Memories from the Youngest

By Maybelle Senft


It will always be a mystery to me why I cannot remember anything from my life prior to my mother's death, but her funeral is a vivid memory.  The incidents that I write about will be approximately after the year of 1924.

My father, Annie, and Clara were the ones who raised me as a child.  Ben had moved away and was living in the southern part of California.  Paul Tessen would come home for visits and lived around Sacramento area.

After Annie and Clara left home, I was alone with Pa.  This was approximately the year 1929.  They were lonely years, but happy ones.  Pa was a great father and a fine man.  Since the ranch was isolated from town, approximately 4 1/2 miles, I had very little social life nor any close friends.  However, the Spanish family living up the road had several children and I did occasionally play with them.  But it was certainly a frustrating kind of play, since they spoke Spanish and it made it hard on me – for instance, the game of "kick the can" – it is a hide and seek game, so when I was "it" and had to find them, they would call out to each other in Spanish and I was never able to catch them, so I was always "it", and more than once I went home crying.

Pa was a very friendly man and loved his parties, especially his Swedish ones where he would invite all of his relatives and friends and they would be held outside where everyone would eat their fill and enjoy the fruit tree blossoms.  There was always someone to play the piano and we would gather around and sing and dance.  How I used to love to hear Pa sing his Swedish songs and play a harmonica.  He always took me with him wherever he would go.  I learned to play cards games such as Pedro, Whist, and Casino.  He and I used to play Casino together quite often in the evenings.  He also taught me a game we called "Buttons" in which I got to be a good player.  Pa mad his own wine and always had his wine barrels full.  When the parties were held, everyone drank his wine and I can still see him show off with his raw egg (whole) in a glass of wine and actually swallow the "drink" in one gulp.  I always felt a little embarrassed during the month of September when the wine was fermenting and the odor was very strong and it wafted over quite a large area to advertise that the wine was being made in our basement.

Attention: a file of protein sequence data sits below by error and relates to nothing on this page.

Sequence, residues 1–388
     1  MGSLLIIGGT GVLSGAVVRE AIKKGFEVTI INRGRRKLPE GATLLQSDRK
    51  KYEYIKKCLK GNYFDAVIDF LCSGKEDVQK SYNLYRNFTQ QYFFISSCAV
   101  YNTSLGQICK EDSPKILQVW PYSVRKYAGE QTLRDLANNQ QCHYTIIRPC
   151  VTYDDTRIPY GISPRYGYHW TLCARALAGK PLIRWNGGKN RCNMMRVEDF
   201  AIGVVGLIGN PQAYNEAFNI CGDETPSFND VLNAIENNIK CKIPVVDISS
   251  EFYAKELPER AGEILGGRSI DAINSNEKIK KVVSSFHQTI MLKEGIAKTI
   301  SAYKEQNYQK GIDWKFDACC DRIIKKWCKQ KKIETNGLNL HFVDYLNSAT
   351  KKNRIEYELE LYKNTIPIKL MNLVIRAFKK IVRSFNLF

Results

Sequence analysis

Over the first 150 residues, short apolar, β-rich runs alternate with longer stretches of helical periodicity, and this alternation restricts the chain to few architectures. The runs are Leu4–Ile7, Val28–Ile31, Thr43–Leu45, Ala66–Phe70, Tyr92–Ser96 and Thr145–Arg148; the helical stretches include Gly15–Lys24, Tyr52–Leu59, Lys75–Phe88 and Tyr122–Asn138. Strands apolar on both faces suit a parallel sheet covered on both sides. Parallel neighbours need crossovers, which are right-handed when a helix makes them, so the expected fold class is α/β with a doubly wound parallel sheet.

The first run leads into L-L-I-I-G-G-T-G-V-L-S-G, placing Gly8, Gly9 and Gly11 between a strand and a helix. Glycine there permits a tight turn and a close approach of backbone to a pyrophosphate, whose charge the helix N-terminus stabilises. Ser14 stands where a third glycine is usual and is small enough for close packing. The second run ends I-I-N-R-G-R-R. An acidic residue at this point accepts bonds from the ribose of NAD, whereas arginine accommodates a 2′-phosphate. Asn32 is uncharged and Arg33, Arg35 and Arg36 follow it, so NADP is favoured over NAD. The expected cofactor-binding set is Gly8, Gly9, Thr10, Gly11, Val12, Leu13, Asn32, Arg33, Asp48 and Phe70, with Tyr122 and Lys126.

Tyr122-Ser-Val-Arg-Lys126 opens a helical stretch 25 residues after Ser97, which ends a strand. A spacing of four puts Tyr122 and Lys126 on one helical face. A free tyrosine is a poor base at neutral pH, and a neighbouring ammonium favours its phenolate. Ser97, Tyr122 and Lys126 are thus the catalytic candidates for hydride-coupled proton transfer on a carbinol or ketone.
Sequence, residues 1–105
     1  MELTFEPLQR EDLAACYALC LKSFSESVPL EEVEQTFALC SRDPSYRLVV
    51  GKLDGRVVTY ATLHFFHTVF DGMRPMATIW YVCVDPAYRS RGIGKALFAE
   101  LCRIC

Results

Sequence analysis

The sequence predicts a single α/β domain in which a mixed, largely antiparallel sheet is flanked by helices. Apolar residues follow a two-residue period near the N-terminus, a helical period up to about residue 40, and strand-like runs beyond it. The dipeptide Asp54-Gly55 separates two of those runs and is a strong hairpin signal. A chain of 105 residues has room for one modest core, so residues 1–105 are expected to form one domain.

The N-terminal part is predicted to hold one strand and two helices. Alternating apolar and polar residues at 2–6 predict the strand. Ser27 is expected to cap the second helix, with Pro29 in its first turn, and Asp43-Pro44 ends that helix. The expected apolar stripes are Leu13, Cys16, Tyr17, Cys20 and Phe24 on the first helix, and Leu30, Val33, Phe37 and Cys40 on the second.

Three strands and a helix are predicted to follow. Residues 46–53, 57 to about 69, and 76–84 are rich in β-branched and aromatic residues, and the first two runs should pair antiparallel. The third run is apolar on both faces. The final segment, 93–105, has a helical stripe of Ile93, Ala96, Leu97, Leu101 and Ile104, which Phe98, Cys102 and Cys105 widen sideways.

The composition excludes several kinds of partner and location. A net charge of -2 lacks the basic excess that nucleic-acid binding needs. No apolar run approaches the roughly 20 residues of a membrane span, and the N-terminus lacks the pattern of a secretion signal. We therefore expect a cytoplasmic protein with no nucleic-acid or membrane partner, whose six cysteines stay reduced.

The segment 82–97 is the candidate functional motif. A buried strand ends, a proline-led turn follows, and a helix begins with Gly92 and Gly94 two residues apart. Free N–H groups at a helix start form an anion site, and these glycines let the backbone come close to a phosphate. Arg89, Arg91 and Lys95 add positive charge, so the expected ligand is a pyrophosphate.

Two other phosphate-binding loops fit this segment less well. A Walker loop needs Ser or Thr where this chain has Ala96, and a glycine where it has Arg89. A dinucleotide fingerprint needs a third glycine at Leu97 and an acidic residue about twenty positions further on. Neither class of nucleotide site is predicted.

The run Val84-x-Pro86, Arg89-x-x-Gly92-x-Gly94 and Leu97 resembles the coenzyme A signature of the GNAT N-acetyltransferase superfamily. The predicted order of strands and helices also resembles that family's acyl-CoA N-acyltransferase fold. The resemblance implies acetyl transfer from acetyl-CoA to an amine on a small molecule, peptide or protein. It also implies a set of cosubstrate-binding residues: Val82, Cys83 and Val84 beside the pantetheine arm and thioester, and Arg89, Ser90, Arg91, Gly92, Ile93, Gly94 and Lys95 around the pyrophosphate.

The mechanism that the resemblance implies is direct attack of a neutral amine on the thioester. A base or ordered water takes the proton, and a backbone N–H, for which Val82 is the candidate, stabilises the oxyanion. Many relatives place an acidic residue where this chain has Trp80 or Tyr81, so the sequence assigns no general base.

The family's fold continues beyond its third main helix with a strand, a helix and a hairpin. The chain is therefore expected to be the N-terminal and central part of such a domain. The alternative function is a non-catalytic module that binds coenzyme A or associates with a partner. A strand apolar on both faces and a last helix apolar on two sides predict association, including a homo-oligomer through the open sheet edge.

I cannot miss telling of the grape vine decorated "two seater" small white building away from the house.  The family spent much time there – of course, it was necessary!  Sears Catalog and old newspapers were always on had for reading and for other "special" needs.

After Clara left home to make her living in San Francisco, it was a highlight in my young life for Pa and I to drive to Suisun and meet Clara at the train depot.  She was always dressed in highest fashion – hat, gloves, fur coat, etc.  She and I spent a lot of time together playing chop sticks and other simple duets on the piano.  I enjoyed her singing while she played the piano.

The holidays were pleasant, and always looked forward to having the family at home, cooking the turkey dinners and sitting at the large oak table and eating our fill.  The pies were baked in the wood stove oven and the meals were cooked on the wood range.  We did not have electricity until around 1930.  We had wax candles for the Christmas tree and these were lit for only short periods of time and watched over very carefully.  One time I was told that Santa Claus left something for me on the porch and I found a big doll there.   This was the only incident I remember of Santa Claus.